As a candidate country, Skopje has no official role in drafting the Negotiating Framework. This is an internal matter for the EU. However, the PCM has a very important task – to secure Bulgaria’s support for holding its first Intergovernmental Conference with the EU.
This means, for example, to permanently and definitively put an end to all claims and policies that promote a non-existent “Macedonian minority” in Bulgaria. It also means achieving tangible results in the work of the Joint Historical Commission, in particular a source-based reading of our “common history” as set out in the Treaty, and the application of these results to historical monuments, celebrations, sponsored from the state media content, textbooks, etc.
BGNES: What is the attitude of RSM to the Bulgarian conditions? How far can the Republic of Bulgaria retreat? Is there active lobbying of Skopje against the Republic of Bulgaria in Brussels and other capitals?
DT: It is clear that significant efforts and time are needed to overcome the problems raised by Bulgaria. Any effort saved today will cost much more tomorrow. That is why we need to create a viable framework for solving the problems during the accession process – this is the logic of the Bulgarian position on the Negotiating Framework.
Unfortunately, instead of trying to allay our concerns, Skopje has lobbied and launched a defamation campaign against Bulgaria. The consequences of this are twofold:
First, our fears that Skopje does not even intend to start fulfilling its international obligations have been confirmed.
Second, this approach testifies to Skopje’s conviction that it does not need to compromise because Bulgaria’s position will change.
The last element is as irrational as it is naive. Bulgarian public opinion strongly supports the national position, which is shared by all major political parties. Bulgaria cannot give up its thousand-year-old national history, the ancestral memory of millions of Bulgarian citizens, heirs of Macedonian Bulgarians, who dedicated themselves to the Bulgarian cause in Vardar Macedonia.
BGNES: How would you comment on the scandal with the Slovenian institute IFIMES and the direct involvement of the government in Skopje in a negative media campaign against Bulgaria?
DT: NGOs and think tanks are an indispensable element of modern democratic life. Civil society is among the guarantors of the democratic structure of our societies. Attempts to abuse such organizations should therefore be unequivocally condemned.
The case of the International Institute for Middle East and Balkan Studies (IFIMES) is particularly striking. It shows how an organization can be set up and funded to spread fake news. A number of articles prepared by this organization contain false allegations, and in some cases hate speech, against Bulgaria and, more recently, against Germany. In some publications, both member states have been described as revisionist mafia states, nostalgic for World War II.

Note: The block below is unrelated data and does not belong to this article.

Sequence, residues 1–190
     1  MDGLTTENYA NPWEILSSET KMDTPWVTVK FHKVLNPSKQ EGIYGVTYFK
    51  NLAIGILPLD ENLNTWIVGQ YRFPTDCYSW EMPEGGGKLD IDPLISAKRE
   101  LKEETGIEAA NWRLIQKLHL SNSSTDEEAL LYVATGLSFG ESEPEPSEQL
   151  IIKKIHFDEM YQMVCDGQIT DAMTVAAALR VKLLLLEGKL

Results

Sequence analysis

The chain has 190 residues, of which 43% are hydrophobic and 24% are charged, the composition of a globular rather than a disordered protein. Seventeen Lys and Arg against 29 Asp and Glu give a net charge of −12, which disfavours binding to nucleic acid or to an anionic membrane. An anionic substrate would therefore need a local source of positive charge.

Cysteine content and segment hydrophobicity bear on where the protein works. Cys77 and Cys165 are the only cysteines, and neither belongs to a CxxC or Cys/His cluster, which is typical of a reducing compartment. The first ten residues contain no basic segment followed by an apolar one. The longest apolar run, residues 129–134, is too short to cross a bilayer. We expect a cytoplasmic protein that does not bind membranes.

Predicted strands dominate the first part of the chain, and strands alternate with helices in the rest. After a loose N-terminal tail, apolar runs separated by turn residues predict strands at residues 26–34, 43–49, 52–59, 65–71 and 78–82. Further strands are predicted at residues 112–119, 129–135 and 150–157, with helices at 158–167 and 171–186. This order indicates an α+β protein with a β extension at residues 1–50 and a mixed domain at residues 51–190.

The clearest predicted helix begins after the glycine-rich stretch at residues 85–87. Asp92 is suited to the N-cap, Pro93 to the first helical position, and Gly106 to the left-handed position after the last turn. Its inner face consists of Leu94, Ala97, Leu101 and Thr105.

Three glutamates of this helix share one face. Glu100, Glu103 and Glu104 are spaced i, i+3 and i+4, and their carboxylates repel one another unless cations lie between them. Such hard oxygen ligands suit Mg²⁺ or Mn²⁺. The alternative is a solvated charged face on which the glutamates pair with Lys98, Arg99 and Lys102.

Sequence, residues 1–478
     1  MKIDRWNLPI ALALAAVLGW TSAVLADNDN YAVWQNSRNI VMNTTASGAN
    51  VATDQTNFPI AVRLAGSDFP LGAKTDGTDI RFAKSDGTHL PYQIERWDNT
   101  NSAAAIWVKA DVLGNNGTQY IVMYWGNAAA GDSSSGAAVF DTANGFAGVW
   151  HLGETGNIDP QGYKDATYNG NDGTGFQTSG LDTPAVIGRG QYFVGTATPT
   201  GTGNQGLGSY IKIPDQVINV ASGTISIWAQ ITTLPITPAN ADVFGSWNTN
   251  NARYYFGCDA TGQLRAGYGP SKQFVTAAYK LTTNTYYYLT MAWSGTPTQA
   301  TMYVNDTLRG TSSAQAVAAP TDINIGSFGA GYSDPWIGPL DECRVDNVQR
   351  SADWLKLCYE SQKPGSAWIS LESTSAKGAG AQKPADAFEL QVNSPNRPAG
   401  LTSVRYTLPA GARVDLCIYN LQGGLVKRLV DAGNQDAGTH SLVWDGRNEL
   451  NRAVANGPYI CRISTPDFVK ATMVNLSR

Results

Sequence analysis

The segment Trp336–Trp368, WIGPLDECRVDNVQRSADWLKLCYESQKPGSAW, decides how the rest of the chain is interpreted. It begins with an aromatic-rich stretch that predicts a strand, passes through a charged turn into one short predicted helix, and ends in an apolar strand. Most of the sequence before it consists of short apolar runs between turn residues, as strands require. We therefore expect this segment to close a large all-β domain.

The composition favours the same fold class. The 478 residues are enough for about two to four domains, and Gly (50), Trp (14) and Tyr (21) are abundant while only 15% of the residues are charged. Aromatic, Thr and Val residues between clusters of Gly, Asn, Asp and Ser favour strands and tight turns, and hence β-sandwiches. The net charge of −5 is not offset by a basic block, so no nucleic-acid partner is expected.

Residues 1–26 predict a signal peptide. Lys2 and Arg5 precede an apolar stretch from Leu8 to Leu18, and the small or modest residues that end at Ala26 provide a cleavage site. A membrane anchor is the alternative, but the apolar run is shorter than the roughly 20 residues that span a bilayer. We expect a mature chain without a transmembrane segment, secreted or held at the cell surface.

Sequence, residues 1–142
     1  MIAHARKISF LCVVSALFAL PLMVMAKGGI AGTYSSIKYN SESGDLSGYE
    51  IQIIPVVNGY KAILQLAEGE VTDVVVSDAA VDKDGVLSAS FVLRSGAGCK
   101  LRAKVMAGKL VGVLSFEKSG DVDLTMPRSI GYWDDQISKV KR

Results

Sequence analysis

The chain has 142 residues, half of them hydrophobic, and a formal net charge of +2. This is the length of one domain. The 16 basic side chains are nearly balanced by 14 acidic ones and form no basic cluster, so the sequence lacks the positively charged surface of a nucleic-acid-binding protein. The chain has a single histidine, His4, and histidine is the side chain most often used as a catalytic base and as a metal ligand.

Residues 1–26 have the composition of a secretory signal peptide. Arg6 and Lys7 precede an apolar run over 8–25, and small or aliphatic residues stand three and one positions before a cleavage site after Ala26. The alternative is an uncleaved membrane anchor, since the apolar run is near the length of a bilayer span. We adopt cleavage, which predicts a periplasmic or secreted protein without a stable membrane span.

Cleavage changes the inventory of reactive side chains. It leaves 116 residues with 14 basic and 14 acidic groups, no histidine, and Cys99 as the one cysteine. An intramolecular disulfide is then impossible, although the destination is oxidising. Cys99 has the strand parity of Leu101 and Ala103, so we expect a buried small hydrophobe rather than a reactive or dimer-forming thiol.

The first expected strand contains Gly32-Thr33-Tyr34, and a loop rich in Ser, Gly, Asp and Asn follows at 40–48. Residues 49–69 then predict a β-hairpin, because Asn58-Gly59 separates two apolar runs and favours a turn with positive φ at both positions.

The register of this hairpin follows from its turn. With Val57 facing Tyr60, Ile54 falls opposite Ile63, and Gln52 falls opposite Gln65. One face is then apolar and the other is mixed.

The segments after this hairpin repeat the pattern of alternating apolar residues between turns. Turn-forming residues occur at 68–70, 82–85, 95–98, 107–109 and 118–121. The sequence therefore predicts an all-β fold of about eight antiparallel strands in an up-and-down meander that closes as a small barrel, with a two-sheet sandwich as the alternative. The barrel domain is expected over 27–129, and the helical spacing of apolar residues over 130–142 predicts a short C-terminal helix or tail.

Two IFIMES directors, Ziad Becirovic and Alhaf Bakhtar, are linked to Prime Minister Zoran Zaev’s cabinet as advisers. For the past three years, the RSM government has funded IFIMES in the amount of 12,000 euros per year.
IFIMES disinformation activities are aimed not only at Bulgaria and Germany. They also target other partners such as Croatia, Montenegro, Albania and Kosovo. IFIMES ‘interpretations clearly coincide with the political agenda of other countries in the region and beyond. It is unfortunate that Skopje is involved in such actions. The fact that, unlike some of the honorary members of the institute, PCM failed to distance itself particularly convincingly from IFIMES is also indicative.
BGNES: Many European documents require the disclosure of the files of the former Yugoslav DS UDBA in all former Yugoslav republics, including the RSM. How do you explain Skopje’s refusal to do this for 30 years? after the disappearance of Yugoslavia?
DT: After the break-up of Yugoslavia, Skopje missed the opportunity to break with its atavistic state doctrine. “Macedonianism”, once serving Yugoslavia’s territorial claims to Greece and Bulgaria, continued to be at the heart of FYROM’s foreign policy and domestic doctrine. This led to a long-standing dispute with Greece, to ethnic tensions with the Albanians within the PCM, and above all to the maintenance of unfounded claims against Bulgaria.
The publication of the Yugoslav-era secret service archives and the lustration of the members of these services will reveal a dark page in the history of the PCM. These archives contain evidence of large-scale ethnic engineering, which began in the mid-1940s and was carried out through repression, show trials against Macedonian Bulgarians, and the 1945 mass executions known as Bloody Christmas. They will show how in August 1945, at the insistence of Belgrade and Moscow, the language norm, based on the local Bulgarian dialect, was declared the “official Macedonian language”, for which Serbian high school graduate Blagoy Koneski created a grammar in 1954. At the same time, in concentration camps such as Naked Swelling, all those